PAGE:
Only in the Philippines

EYES WIDE OPEN - Iris Gonzales - The Philippine Star

Mystery of mysteries in this beautifully chaotic country of ours is how we manage to always manage – bumps, potholes and all.

What is our society, really, but a tale of dark comedy in continuous motion, if not an edge-of-your seat Netflix series playing in a loop over and over.

I think of this all the time but more so these days just listening to all that’s happening in our beloved Philippines today.

How do we explain for instance all the injustice in our justice system? Why would a man repeatedly accused of being a rapist, by not just one but a number of women, be out on bail for a non-bailable offense? Why do journalists and truth tellers continue to be murdered with no less than a former official of the Bureau of Corrections tagged as the mastermind? Or why is it that you can easily get a TRO in this country for a song?

No country for heroes

Or why is it that on Bonifacio Day this year, poet, artist and activist Ericson Acosta was killed by military operatives? Witnesses said he died the way General Antonio Luna did. The fiery general who fought in the Philippine-American war was killed by his fellow Filipinos with over 30 wounds from bolos, bayonets and bullets.

The autopsy report on Ericson’s body has yet to be released as of this writing but witnesses know what they saw. I knew Ericson way back from our Philippine Collegian days in UP. He was a brilliant writer and, like his wife, the poet and writer Kerima Tariman, who also died in an encounter with the military last year, Ericson used his talent to help create a better and just society.

And there lies the irony. “Sadly, the more good you do for your fellow Filipinos in this country, the sooner you get to your grave,” as artist and activist Mae Paner said.

Ericson’s father-in-law, the artist and writer Pablo Tariman, said his loved ones have come to terms with dying the brave way.

Isn’t it ironic really that centuries after the death of Luna, Bonifacio and all our valiant forefathers, this country continues to kill and silence freedom fighters like Ericson Acosta?

Stranger than fiction

Truth indeed, is stranger than fiction in this nation of 110 million. Our daily lives are wrapped in magic realism. We could be the real life version of Garcia Marquez’s 100 Years of Solitude and Allende’s House of the Spirits, each a story of all that could be wrong in society.

Today, the same societal ills our forefathers gave up their lives to change are still very much present and they just keep on playing over and over like a song – injustice, patronage politics, monopolies and disdain for the poor.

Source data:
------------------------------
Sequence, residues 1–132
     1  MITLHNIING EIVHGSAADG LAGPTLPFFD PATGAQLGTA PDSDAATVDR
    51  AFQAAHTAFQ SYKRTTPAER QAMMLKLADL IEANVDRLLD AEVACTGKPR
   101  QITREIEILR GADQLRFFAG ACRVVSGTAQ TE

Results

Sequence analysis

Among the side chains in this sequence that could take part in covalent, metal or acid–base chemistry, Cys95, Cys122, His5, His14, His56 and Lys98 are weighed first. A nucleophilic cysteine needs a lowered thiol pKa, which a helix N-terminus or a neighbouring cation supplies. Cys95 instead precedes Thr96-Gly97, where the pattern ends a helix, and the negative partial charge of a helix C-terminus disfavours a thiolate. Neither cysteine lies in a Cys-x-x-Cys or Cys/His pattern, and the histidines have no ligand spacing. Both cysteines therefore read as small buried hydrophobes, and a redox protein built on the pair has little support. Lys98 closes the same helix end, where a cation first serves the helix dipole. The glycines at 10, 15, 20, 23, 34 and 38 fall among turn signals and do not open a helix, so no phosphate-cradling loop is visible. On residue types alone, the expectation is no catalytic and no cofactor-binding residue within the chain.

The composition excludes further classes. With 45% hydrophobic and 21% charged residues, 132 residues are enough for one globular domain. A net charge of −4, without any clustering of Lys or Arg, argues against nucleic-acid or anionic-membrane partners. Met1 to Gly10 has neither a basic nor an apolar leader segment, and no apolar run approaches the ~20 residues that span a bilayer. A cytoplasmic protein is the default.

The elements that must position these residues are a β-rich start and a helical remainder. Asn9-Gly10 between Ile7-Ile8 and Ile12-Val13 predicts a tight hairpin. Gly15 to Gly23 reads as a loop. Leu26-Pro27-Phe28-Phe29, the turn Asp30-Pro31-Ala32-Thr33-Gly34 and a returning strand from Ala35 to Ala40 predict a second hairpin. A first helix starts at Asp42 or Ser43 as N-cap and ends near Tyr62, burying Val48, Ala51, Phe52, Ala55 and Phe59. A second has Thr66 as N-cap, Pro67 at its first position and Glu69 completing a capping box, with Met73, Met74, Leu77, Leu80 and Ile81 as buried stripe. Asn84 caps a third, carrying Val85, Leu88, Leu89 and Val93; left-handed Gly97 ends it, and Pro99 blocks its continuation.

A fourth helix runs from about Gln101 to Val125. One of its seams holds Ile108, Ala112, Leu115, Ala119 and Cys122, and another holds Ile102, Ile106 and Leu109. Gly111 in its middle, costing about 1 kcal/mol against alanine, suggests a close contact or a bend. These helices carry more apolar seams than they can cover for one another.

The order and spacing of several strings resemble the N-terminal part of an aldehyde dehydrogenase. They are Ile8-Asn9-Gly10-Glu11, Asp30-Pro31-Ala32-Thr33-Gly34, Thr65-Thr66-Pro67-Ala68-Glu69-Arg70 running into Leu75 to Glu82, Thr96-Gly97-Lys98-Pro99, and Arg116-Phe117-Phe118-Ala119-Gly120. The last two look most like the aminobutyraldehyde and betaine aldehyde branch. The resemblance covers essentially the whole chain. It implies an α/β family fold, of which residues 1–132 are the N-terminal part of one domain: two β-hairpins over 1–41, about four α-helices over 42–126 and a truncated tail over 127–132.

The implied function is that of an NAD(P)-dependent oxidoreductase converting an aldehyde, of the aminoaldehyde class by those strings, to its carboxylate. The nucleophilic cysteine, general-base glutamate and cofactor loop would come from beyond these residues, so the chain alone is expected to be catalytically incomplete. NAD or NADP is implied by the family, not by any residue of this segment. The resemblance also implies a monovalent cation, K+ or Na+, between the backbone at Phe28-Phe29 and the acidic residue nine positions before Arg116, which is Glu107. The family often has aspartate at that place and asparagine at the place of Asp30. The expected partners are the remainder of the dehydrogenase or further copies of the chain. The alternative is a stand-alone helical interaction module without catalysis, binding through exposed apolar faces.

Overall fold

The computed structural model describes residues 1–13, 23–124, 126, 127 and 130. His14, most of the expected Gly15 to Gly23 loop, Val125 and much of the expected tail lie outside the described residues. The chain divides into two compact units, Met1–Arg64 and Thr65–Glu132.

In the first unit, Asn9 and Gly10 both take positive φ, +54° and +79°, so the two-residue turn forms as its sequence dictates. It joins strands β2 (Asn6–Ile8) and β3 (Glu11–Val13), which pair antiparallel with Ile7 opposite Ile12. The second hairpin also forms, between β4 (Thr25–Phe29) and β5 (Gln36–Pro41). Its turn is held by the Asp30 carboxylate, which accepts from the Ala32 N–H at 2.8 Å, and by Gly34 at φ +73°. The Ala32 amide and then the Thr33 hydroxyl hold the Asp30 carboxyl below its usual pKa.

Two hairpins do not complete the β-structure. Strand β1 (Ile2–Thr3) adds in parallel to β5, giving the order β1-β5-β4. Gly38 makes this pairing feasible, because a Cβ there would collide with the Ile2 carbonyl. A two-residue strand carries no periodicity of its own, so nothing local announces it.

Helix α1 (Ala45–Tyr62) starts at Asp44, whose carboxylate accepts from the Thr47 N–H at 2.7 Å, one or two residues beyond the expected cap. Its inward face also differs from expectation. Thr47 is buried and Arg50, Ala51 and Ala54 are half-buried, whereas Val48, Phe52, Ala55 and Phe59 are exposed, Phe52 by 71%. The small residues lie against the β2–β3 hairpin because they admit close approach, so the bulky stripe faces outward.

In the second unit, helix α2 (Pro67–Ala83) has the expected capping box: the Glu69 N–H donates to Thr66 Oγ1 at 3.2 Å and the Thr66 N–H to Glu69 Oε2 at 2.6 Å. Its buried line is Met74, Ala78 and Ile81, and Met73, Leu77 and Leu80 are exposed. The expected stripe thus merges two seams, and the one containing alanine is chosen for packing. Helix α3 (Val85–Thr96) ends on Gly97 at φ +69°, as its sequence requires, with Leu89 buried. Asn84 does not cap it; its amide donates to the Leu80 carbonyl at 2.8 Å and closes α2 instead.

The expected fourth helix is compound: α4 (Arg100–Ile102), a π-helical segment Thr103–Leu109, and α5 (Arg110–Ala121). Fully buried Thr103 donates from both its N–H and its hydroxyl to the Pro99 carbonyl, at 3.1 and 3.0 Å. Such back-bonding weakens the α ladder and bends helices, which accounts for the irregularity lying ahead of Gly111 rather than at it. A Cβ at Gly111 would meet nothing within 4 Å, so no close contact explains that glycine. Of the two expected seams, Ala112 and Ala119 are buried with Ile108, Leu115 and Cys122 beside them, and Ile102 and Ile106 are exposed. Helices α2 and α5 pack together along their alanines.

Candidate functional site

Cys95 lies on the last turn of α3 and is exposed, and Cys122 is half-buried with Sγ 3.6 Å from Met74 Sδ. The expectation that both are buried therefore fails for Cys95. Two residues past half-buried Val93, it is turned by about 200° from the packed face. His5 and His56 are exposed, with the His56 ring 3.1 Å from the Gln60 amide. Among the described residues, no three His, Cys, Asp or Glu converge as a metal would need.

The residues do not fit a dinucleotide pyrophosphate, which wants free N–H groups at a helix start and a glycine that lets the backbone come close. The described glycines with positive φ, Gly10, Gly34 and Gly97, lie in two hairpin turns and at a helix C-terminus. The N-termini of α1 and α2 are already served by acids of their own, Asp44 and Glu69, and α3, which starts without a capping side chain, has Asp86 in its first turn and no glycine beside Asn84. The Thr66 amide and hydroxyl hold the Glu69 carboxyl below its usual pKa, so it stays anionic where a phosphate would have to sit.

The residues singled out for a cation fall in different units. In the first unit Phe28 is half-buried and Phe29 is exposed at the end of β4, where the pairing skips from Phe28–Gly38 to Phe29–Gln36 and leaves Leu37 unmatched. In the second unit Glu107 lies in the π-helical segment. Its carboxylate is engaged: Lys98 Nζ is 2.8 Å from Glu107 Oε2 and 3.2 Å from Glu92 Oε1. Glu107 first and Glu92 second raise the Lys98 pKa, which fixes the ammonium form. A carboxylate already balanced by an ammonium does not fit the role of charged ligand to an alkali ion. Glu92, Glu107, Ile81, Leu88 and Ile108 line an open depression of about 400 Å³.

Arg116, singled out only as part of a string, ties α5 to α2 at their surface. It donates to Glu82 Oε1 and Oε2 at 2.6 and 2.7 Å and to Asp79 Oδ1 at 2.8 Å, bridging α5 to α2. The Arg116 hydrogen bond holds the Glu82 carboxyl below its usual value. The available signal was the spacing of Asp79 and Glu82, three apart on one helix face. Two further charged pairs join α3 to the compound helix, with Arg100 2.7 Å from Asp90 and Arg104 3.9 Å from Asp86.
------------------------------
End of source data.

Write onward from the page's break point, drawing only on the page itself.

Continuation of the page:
Isn’t it ironic that our farmers, who toil under the scorching sun to produce food, are among the most impoverished and hungry in our society?

Isn’t it ironic that our fellow Filipinos, who are among the best and the most hardworking workers in the world, need to work in distant lands to make a living?

Isn’t it ironic that a country so rich in natural resources is dependent on imports? Even President Marcos can’t get over the fact that we’re now importing galunggong.

Institutionalized wrongs

I can’t help but feel that we’re in the middle of a modern-day gangland of sorts in which every level of society – from domestic life to big business to politics – is filled with vested interests, shady deals and doublespeak.

A ranking government official, who is serving in the current administration, said no institution in our country seems to really work as efficiently as it should.

The only thing we seem to have institutionalized is a flawed system where corruption is so deeply entrenched and where money and connections are more powerful than the laws that we have.

Ironically, we have managed to survive through it all, day in and day out, accepting this system and working around it or in it, in our everyday mundane lives.

The other day for example, because I was having a difficult time securing some official documents from a government office – which I needed for some family matters – the liaison officer helping me advised me nonchalantly, “you can just get it from Recto,” referring to that underground mill of fake diplomas, IDs and what-have-you.

How easily we have gotten used to the inefficiency of our institutions that we created alternative yet illegal ways to address all that is wrong in our system.

And the worst thing of all is that there’s a hard-baked impunity that keeps the entire system running.

Only in the Philippines, indeed.

Just imagine how far we could actually go if our institutions work and that taxpayers’ money is used wisely. Perhaps, we would have been Asia’s superpower by now.
I am rambling, I know, because I don’t really know whether to laugh or cry.

Inflation reached a new high of eight percent in November, the fastest in 14 years. And yet, as sure as the sun will rise tomorrow, our economy will grow, still grow and keep on growing; possibly faster-than-expected and many of us will wake up and live another day.

This is the never-ending irony and allegory of this country’s journey. And amidst all this, we’re still here – still here, indeed, finding the light in the moments between dark and gray.

Nothing really works yet somehow, after all is said and done, by some magic and miracle and after all the cursing and the heavy sighs of frustration, we get up and steel ourselves and try to make things work. And strangely, they sometimes do.

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Email: [email protected]. Follow her on Twitter @eyesgonzales. Column archives at EyesWideOpen on FB.


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